Phi 208 Ethics and Moral Reasoning Final Paper






Protecting Freedom of Speech

Student Name

PHI 208: Ethics and Moral Reasoning

Prof. Phil O’Sopher

March 15, 2018

Protecting Freedom of Speech

Part 1: IntroductionPART ONE: INTRODUCTION (Final Revision)

Do we have a moral obligation to protect free speech even in cases where that speech causes harm to others?

This question arose in In August of 2107, when the city of Charlottesville, Virginia became the focal point of violent demonstrations that resulted in injury, death and psychological harm. The violence was the result of clashes between white supremacists who gathered in Charlottesville for a planned “Unite the Right” rally to protest the possible removal of the Confederate Statue of Robert E. Lee (Katz, n.d.). (“Charlottesville: ‘Unite the Right Rally” n.d.). The violence included hate speech in the form of signs, chants and a Friday night “Hitler youth” torch rally. These events and the reactions to them launched the issue of free speech into the national spotlight.

Freedom of speech is one of the most fundamental rights cherished by Americans and granted to all through our Constitution, but ethical issues arise when the exercise of that right results in direct harm to others. The primary ethical issue that arises concerns the balance between protecting this fundamental right of speech and preventing the harm associated with hate speech. According to our textbook, ethics asks the question of how we should live and that with “each conscious, deliberate choice we make, we are living out an answer to this question.” (Thames, 2018).

Americans have many rights granted to them by the Constitution, but these rights are not absolute or limitless and they carry with them a responsibility to uphold laws (Brandenburg v. Ohio n.d.). It is perfectly legal to hate someone, but it is illegal to act on that hate if doing so causes harm. From an ethical standpoint, our responsibility to act in certain ways goes beyond merely conforming to society’s laws. When considering the balance between protecting free speech and preventing harm, the ethical theory of Utilitarianism utilitarianism tells us that we should weigh the overall positive and negative consequences of an action (Thames, 2018. Sec. 3.1). When considering whether a given action is moral, the ethical theory of dDeontology tells us that “we should only act on those maxims that we can will to be a universal law” (Thames, 2018,. Sec. 4.2). This paper will use apply the ethical theory of deontology to show that we have a moral duty to protect free speech, . It will consider the objection fromand the ethical theory of utilitarianism to show that protecting hate speech is morally wrong because it produces more negative than positive consequences and is therefore morally wrong, and respond that this objection requires making too many unsupportable assumptions about how we distinguish and weigh benefits and harms, and thus does not override the fundamental right to freedom.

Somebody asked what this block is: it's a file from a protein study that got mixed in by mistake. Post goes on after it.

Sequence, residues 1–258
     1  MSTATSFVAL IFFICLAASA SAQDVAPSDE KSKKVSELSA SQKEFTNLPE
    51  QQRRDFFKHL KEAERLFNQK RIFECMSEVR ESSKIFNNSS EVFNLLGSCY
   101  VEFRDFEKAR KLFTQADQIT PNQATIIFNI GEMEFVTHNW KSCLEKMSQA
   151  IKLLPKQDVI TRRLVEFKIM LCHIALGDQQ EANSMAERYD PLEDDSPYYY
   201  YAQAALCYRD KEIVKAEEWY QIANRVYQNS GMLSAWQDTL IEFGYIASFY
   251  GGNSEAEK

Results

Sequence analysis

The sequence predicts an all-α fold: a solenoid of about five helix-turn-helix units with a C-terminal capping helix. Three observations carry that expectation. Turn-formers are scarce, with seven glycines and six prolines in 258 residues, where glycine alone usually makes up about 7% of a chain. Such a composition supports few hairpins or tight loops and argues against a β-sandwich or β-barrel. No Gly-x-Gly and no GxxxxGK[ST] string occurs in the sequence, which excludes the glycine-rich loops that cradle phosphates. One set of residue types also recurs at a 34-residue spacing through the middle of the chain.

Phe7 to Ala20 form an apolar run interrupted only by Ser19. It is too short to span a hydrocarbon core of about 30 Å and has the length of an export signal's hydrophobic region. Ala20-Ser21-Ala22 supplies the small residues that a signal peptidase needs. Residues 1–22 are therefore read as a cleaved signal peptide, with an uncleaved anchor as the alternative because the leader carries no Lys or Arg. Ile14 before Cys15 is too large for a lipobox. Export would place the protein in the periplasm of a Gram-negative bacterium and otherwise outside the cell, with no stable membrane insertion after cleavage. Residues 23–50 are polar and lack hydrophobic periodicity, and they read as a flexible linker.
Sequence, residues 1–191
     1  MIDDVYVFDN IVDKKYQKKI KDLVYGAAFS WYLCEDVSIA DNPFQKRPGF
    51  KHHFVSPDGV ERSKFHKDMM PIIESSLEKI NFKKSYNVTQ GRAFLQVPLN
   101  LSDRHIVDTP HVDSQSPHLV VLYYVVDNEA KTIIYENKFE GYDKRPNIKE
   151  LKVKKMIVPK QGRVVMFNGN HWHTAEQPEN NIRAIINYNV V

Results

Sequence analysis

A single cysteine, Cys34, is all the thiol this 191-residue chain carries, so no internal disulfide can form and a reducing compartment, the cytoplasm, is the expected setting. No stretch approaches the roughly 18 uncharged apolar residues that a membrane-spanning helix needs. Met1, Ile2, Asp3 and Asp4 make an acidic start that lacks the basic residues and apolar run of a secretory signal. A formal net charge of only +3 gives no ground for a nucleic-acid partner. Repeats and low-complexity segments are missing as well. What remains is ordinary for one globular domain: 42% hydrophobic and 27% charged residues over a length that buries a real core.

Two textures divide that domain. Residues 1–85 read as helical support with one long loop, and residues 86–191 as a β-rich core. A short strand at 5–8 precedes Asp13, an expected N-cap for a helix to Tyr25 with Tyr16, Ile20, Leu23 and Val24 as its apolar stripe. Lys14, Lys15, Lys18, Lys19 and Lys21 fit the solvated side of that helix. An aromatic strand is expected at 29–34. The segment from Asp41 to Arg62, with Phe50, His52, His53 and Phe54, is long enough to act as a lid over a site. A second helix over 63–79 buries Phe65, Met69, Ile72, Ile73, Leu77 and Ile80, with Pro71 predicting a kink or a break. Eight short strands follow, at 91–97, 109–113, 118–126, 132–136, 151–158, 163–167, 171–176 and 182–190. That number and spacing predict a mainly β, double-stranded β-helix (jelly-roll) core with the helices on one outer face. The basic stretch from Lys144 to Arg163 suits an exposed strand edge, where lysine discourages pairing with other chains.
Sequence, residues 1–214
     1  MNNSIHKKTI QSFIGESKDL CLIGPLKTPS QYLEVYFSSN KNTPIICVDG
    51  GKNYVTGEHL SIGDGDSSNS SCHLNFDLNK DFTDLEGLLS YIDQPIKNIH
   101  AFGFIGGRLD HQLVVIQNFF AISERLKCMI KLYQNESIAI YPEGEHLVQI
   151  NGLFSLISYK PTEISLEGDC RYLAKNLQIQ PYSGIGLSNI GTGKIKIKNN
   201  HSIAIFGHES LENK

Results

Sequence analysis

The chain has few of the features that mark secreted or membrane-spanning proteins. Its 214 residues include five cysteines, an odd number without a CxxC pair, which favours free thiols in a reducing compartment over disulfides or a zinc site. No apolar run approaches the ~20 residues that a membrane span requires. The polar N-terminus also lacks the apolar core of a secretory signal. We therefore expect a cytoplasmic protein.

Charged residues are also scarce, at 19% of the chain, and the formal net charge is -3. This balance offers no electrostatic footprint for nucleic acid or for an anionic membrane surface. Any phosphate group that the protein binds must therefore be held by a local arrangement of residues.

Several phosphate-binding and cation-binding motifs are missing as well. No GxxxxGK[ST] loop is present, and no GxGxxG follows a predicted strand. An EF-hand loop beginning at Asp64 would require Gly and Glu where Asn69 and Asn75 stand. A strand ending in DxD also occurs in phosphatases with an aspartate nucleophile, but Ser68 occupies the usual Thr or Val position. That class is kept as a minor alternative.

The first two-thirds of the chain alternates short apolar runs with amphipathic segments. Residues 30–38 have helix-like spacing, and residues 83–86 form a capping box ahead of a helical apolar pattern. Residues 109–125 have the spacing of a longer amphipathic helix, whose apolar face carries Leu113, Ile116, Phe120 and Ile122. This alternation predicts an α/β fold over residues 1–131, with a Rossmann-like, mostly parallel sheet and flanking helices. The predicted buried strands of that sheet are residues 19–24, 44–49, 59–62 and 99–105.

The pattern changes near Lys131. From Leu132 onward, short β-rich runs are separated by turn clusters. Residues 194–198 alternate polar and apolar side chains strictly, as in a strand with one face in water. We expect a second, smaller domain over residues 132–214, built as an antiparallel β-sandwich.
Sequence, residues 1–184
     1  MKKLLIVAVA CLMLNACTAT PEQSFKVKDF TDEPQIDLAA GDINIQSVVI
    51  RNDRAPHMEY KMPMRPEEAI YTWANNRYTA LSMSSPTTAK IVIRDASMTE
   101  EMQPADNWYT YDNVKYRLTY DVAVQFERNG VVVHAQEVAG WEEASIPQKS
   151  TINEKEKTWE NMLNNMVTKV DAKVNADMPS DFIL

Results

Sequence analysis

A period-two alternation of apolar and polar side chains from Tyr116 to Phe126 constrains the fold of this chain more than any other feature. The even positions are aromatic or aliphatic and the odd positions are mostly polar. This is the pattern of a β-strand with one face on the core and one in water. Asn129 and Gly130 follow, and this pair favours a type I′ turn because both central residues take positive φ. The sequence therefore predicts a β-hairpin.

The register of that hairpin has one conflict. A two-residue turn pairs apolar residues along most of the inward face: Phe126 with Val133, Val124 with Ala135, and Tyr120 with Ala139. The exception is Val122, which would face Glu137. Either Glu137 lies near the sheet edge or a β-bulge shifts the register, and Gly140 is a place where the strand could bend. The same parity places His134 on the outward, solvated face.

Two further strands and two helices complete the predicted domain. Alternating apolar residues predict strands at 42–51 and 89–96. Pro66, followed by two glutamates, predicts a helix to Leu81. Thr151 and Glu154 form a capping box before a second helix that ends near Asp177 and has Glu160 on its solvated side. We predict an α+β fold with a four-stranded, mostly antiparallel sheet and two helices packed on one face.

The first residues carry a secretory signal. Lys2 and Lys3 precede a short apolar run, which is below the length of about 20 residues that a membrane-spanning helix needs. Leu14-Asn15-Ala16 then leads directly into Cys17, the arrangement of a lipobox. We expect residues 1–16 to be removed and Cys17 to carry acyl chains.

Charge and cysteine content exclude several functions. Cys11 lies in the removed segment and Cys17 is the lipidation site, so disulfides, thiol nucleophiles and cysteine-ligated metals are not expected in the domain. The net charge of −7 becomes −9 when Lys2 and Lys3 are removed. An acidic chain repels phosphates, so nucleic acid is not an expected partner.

Part 2: Ethical ArgumentPART THREE: ARGUMENT

This section should present the basic argument you will use to support and defend your thesis. Based on the Week One Model Paper Example, here you would present the overall argument you will be making in the paper. Think of this section as what an attorney might say in opening arguments before a jury when they use the phrase: We will show that ______. This section should be short but it should contain the basic premises you will be using and the specific conclusion (the answer to your ethical question) they support.

Place this section under the Part 2: Ethical Argument PART THREE: ARGUMENT heading.